The fate of a day-care provider who pleaded guilty to attempted murder for trying to hang a 16-month-old child was debated Monday in Hennepin County District Court.
A psychiatrist called by prosecutors testified that Nataliia M. Karia’s actions were not with “evil intent or a criminal mind-set,” but she understood what she was doing and could be treated in prison.
However, a psychiatrist and psychologist called by Karia’s defense attorneys said her crime was triggered by depression, stress from overwork and an abusive husband, and it would be better to place her on long-term probation and treat her as an outpatient.
Judge Jay Quam questioned the witnesses and will ultimately decide Karia’s sentence. Sentencing is set for July 16.
On Nov. 18, 2016, a parent of another child in Karia’s day care discovered the boy in the basement, hanging loosely from a pair of tights around his neck.
Karia, 43, pleaded guilty in February to second-degree attempted murder. She also pleaded guilty to third-degree assault and two counts of criminal vehicular operation after she fled the house in her minivan, hitting a car and a bicyclist and dragging a pedestrian through the street.
The child suffered neck burns but recovered. The man who was dragged through the street had permanent injuries and can work only part time.
According to defense attorney Brockton Hunter, court-appointed psychologist Linda Berberoglu concluded last year that Karia met the legal standard to be found not guilty by reason of mental illness.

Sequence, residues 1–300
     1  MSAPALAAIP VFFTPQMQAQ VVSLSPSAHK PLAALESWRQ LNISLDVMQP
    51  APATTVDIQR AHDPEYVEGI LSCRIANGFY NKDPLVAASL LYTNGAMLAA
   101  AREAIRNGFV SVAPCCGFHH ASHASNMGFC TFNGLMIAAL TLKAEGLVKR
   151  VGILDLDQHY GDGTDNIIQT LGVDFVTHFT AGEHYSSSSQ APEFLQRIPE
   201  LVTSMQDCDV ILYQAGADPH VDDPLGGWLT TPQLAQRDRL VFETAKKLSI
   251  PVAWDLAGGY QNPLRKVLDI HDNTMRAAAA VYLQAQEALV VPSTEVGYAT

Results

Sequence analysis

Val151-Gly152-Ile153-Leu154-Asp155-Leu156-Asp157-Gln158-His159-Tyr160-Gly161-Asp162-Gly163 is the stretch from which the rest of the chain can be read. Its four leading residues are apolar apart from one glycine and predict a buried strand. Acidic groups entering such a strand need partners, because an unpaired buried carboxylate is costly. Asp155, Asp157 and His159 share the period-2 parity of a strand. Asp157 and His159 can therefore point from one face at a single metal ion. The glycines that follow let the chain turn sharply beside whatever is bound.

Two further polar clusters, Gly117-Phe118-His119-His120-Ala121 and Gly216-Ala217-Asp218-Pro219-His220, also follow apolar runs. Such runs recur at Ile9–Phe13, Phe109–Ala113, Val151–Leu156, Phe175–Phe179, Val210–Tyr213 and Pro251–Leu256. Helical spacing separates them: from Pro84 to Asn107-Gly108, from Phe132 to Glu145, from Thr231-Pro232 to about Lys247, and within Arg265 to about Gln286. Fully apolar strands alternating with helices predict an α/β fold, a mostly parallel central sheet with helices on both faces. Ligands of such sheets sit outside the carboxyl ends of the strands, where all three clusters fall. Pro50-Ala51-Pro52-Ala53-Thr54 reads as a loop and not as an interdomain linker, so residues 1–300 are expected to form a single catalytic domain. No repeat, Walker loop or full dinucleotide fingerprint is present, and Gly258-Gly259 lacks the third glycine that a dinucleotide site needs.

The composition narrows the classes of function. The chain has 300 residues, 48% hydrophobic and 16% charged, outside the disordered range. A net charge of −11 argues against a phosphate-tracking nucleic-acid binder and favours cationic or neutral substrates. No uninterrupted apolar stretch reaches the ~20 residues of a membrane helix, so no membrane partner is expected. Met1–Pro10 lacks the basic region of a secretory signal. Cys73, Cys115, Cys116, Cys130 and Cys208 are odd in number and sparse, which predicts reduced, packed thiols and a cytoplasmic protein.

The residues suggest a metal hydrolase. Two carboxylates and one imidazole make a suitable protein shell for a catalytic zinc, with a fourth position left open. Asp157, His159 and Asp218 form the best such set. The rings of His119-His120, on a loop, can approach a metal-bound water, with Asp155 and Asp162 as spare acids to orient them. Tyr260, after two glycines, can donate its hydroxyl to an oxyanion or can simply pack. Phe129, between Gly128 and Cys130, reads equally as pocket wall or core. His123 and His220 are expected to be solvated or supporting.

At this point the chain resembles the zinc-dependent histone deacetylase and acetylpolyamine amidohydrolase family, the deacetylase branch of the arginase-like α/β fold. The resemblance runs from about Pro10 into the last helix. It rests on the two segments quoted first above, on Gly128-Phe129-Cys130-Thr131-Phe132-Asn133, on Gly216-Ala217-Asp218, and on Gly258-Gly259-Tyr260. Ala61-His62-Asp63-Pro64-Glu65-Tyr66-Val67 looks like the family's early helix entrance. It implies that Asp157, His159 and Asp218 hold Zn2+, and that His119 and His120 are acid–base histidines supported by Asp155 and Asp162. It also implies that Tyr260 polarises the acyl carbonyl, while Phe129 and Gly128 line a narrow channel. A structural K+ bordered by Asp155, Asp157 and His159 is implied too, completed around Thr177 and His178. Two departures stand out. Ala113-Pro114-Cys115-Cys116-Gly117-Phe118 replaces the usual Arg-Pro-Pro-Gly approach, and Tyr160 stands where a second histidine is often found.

However, the county attorney’s psychiatrist, Dr. Shane Wernsing, found she did not meet the standard, Hunter said. An insanity defense is difficult to prove in a criminal trial.
Hunter then brought in Dr. Jennifer Service, a psychiatrist and former director of forensic medical services at the Minnesota Security Hospital in St. Peter, who said Karia’s condition was much more manageable than the mental illness of patients at the St. Peter facility, and placement there was not appropriate.
Now in private practice, Service testified Monday that Karia could be better treated as an outpatient rather than at the Minnesota Correctional Facility at Shakopee, a women’s prison.
“I would monitor her closely,” Service said.
Gregory Hanson, a psychologist called by the defense, said probation would be the “ideal situation.” Karia’s son has testified earlier that she’d live with him, not her husband, and would work in the son’s real estate business.
Wernsing testified that a prison sentence was justified. While Karia suffered from mental illness, it did not affect her ability to control her own actions. He said that parents dropping their children off the day of the incident did not notice anything unusual.